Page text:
The historical presentation of the assembly of God in the Acts.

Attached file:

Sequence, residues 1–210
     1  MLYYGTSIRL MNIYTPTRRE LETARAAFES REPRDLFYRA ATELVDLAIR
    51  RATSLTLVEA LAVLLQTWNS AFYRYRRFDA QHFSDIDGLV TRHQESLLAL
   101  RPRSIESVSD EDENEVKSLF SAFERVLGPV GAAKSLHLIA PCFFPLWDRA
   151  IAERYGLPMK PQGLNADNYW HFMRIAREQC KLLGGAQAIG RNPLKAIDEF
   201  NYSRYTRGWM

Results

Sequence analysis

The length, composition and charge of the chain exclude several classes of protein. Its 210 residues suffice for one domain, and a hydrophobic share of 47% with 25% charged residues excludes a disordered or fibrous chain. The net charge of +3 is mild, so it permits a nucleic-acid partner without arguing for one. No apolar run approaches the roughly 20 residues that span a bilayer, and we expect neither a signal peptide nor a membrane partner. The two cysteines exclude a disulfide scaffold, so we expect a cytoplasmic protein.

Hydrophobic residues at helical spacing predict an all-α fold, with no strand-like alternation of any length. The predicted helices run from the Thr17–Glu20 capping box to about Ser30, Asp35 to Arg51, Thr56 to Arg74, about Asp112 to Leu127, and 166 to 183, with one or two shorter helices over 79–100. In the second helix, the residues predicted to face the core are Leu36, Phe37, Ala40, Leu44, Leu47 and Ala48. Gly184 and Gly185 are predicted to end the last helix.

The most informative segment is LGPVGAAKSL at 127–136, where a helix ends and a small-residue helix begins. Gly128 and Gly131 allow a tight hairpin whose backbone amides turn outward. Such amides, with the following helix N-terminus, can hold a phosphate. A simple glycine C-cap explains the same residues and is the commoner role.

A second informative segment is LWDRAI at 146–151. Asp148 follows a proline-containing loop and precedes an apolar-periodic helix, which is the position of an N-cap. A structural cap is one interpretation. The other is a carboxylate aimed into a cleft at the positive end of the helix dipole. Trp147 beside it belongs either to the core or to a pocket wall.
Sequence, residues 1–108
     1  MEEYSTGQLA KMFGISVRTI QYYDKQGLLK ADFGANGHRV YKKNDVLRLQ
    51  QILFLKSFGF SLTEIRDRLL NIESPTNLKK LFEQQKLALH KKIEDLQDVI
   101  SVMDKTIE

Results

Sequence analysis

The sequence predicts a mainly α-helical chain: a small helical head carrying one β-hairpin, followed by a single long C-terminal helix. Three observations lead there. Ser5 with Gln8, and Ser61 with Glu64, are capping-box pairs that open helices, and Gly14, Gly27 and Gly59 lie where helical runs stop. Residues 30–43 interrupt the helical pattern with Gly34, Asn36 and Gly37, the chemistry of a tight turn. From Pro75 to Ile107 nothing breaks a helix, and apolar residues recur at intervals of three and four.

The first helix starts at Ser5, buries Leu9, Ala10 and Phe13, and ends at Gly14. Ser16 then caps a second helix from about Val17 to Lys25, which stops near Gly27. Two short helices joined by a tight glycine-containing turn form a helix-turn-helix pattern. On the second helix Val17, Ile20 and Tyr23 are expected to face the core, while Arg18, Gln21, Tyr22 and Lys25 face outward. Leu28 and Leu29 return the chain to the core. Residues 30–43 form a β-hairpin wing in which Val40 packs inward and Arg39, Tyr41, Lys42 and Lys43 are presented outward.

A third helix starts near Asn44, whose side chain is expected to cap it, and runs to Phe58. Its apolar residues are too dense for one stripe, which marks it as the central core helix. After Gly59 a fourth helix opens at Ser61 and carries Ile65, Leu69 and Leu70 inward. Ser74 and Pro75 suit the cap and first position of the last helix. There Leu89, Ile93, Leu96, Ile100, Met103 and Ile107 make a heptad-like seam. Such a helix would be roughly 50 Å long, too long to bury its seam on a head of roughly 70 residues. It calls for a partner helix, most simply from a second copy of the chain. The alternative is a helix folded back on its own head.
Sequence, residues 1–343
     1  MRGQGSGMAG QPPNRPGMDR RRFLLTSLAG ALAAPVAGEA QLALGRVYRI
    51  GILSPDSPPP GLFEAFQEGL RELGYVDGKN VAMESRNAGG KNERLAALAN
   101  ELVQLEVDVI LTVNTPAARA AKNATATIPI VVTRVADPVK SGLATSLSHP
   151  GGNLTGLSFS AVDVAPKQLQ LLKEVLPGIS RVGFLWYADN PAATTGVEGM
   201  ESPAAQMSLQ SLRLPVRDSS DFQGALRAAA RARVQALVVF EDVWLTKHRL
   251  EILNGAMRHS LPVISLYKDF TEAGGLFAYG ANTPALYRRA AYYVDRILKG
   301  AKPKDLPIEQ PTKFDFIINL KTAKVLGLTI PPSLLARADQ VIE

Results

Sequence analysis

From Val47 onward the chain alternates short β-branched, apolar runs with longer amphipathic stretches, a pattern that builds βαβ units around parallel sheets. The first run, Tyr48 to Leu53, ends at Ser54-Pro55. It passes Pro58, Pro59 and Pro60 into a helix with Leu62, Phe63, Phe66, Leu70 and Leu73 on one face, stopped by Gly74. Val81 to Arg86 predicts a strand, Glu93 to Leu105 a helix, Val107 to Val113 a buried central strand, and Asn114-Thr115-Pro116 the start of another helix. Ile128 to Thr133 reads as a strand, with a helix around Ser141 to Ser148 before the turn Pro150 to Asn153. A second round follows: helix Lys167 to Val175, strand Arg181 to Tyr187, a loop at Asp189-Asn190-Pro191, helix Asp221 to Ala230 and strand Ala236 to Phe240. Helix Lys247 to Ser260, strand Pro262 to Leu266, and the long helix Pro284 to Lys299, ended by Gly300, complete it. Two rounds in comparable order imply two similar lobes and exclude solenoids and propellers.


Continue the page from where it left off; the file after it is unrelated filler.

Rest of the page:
Men have said that Luke, in his desire to write with method to Theophilus, didn't know where to stop. Of course, he was inspired by the Holy Spirit to write the Acts, but there is a measure of truth in what men say. Luke couldn't stop with his Gospel. The Man Christ Jesus ascended to heaven and so the Acts gives something of the historical consequences of His being there. Where do you stop a history? Man's ability to record history ceases when the present moment is reached but God knows the end from the beginning. Does the history of the assembly in Acts cease suddenly at the end of Acts 26, to be replaced with interesting details as to shipping and transport in the first century, followed by a detailed survey of things to be understood merely in terms of earthly significance? Surely not. God knows the end from the beginning and loves to bring us into communion with Himself in revealing it to us. Nevertheless He knows the character of our hearts. The history of the vessel of testimony must be presented in a mystical way and be interpreted with spiritual understanding. This is true of both Paul's voyage and of the addresses to the seven assemblies. God knew of the assembly's future and He desired to communicate it to us, but to do so in a manner which would leave full room for our expecting the Lord's coming at any moment.